Benahavís is a typical Andalusian village with white houses and winding streets located inland on the Western Costa del Sol. The peaceful appearance of the village contrasts with the hustle and bustle of the rest of the district which has no less than 10 golf courses and a riding club.
Founded by the Arabs under the shelter of a tenth century fortress, Benahavís is today a perfect combination of the traditional and the modern. A charming village with endless possibilities as a top tourist destination, where the British population makes up some 25% of the total population of the town.
BENAHAVIS IS NOT TO BE MISSED
Thanks to its strategic location, Montemayor Castle became an important stronghold during the wars among the Taifa kingdoms of the former Al-Ándalus. The fortress was built in the tenth century and still retains some of the original walls, the Queen's Tower, chambers and a water well. The spot also offers splendid panoramic views of the coast.
Benahavís also boasts several Arab watch towers which form a comprehensive defence system. La Leonera Tower, which controlled the access to the valley of the river Guadalmina, next to Alcuzcuz, Tramores and Daidín Towers are some of the towers still standing in the town.
Although it was built in the 16th century, Benahavís Palace clearly takes its inspiration from the Nasrid dynasty. The building has dark stone walls, a beautiful arcaded courtyard and a tower. Today it is home to the offices of the Town Hall.
The most significant piece of religious architecture in the town is Virgen del Rosario Church. Founded in the 18th century, it has undergone many renovations over the centuries. The present temple is a simple modern building with a single nave.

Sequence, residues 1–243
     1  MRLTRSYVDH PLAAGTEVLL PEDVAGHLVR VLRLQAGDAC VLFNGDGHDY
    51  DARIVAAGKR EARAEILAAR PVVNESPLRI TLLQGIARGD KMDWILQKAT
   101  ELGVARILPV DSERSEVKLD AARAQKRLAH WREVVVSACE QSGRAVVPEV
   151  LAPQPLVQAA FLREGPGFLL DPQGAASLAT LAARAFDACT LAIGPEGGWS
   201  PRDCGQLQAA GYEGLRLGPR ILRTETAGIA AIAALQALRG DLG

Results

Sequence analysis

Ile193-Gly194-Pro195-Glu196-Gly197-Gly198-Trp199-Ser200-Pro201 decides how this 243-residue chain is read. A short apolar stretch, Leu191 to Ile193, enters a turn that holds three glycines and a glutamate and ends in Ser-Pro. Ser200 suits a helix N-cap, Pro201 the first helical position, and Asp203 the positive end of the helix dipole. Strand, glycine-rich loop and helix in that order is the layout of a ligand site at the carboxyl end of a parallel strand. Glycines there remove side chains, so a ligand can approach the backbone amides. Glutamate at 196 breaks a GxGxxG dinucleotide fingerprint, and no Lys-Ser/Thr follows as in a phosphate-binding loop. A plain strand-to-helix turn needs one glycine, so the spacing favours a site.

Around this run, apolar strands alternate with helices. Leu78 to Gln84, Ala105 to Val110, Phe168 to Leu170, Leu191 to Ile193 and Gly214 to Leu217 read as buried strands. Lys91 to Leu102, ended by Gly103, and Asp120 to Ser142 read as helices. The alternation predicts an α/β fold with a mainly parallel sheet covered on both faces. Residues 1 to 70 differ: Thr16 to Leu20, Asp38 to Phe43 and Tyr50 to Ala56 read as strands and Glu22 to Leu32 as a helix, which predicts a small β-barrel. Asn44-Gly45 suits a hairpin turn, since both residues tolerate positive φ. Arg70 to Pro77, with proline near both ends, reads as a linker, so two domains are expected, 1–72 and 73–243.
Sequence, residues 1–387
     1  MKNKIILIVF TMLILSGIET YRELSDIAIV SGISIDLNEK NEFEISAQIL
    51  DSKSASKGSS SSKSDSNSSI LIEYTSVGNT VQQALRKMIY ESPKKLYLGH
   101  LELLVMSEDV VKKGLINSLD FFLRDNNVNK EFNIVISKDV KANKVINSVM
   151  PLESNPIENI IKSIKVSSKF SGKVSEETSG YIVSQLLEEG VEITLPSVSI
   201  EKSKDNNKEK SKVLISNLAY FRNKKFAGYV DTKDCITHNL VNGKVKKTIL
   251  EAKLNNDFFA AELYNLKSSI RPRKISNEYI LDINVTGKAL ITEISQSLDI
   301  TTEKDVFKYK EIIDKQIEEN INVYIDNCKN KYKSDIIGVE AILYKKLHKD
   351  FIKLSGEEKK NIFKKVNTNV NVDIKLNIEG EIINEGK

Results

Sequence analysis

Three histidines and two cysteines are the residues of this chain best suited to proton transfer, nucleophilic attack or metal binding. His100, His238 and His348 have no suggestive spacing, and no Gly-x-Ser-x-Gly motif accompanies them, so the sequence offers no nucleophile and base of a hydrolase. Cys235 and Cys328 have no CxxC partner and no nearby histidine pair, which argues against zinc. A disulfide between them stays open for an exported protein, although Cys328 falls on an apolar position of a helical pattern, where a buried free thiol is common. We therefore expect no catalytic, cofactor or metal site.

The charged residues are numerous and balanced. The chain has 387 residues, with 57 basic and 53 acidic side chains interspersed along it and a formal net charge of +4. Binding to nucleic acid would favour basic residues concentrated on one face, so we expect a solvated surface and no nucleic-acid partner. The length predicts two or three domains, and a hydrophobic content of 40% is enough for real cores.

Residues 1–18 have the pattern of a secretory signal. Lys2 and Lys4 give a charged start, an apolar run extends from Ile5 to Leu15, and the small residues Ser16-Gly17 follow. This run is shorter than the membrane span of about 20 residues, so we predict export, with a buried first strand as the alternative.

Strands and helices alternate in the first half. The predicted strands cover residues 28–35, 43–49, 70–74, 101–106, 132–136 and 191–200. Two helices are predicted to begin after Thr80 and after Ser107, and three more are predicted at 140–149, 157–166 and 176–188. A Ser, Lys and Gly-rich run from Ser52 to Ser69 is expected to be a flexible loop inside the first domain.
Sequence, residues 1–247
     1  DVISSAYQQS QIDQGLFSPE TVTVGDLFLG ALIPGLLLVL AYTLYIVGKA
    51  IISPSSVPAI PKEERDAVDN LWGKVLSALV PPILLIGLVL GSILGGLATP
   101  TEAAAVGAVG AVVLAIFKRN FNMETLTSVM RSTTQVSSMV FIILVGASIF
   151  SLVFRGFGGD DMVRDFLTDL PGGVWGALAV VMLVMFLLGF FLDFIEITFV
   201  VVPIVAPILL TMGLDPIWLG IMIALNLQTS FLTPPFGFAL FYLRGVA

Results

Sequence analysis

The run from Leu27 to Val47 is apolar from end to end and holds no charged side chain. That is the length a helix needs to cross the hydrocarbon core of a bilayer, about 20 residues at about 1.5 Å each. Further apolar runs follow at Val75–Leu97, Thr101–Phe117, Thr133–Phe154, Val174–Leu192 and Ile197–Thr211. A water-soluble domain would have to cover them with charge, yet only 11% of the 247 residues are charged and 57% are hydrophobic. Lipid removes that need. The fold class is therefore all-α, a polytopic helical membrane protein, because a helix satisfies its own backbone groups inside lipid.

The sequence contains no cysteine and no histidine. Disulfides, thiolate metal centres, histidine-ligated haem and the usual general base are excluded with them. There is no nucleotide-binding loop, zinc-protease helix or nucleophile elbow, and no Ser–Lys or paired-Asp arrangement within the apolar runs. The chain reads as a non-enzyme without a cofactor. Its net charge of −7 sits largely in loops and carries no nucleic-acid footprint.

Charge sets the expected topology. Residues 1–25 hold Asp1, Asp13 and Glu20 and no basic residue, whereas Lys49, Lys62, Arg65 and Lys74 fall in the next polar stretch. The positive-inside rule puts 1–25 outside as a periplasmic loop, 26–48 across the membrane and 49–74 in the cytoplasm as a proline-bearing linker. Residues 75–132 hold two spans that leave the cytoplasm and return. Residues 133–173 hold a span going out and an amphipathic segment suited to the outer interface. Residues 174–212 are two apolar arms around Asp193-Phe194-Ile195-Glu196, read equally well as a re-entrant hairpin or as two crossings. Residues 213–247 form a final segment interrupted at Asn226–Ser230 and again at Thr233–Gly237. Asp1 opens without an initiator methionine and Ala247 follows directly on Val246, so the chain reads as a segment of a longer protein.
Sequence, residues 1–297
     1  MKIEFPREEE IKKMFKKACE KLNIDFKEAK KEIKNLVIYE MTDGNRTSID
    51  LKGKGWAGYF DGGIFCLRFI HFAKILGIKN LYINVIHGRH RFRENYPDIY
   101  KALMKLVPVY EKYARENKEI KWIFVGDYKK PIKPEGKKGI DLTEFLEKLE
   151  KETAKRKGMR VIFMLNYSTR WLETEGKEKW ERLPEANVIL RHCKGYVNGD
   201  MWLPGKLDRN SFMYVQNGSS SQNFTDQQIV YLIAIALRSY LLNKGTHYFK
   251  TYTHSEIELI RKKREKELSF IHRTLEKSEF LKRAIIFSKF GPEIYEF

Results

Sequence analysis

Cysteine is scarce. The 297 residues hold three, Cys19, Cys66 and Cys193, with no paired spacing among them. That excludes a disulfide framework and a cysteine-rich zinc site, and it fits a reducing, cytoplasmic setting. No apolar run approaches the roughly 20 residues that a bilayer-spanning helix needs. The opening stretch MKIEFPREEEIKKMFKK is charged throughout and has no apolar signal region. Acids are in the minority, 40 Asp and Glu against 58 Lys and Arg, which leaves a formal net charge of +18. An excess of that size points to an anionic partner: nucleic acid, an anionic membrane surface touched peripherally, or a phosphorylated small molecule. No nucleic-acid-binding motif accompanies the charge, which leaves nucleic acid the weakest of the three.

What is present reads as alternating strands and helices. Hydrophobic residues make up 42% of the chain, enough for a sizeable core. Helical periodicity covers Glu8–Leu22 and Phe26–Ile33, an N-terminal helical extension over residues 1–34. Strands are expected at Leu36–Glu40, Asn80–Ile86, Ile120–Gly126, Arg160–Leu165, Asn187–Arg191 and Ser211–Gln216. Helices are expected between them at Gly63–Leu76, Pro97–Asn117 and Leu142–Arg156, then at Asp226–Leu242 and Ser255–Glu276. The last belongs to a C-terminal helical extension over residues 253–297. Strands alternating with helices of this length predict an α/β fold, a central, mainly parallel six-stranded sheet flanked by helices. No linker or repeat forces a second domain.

Benahavís is about 80 kilometres from Málaga, and it will be about an hour’s drive. Take the AP-7 paid motorway towards the A-7 Mediterranean motorway and get off exit 181. Continuing on this motorway take the A-7175 until you get to Benahavís.
Benahavís lies in the foothills of the Serranía de Ronda and between the districts of Marbella and Estepona. Large expanses of pine trees, Holm oaks and cork oaks cover a large part of the district which is crossed by the rivers Guadalmina, Guadaiza and Guadalmansa.
Some of the most attractive areas include the cerro del Duque, the paraje de las Máquinas, the coto de la Zagaleta and the valley of the Guadalmansa. The prominent landscape and the variety of fauna and flora are the main attractions of these spots, perfect for enjoying the natural environment.
Other options include a visit to Puerto Capuchino Cave and la Leche reservoir, or head towards the Charca de las Mozas and the Narrow Gorges of the river Guadalmina to go canyoning. From the hills of Benahavís, you can make out over 100 kilometres of the coastline and on clear days you may even see as far as Africa.
Benahavís is considered to be the golfing centre of the Costa del Sol, with ten 9, 18 and 27 whole courses, surrounded by stunning countryside. Two of these belong to an exclusive club, which also has its own private hunting reserve.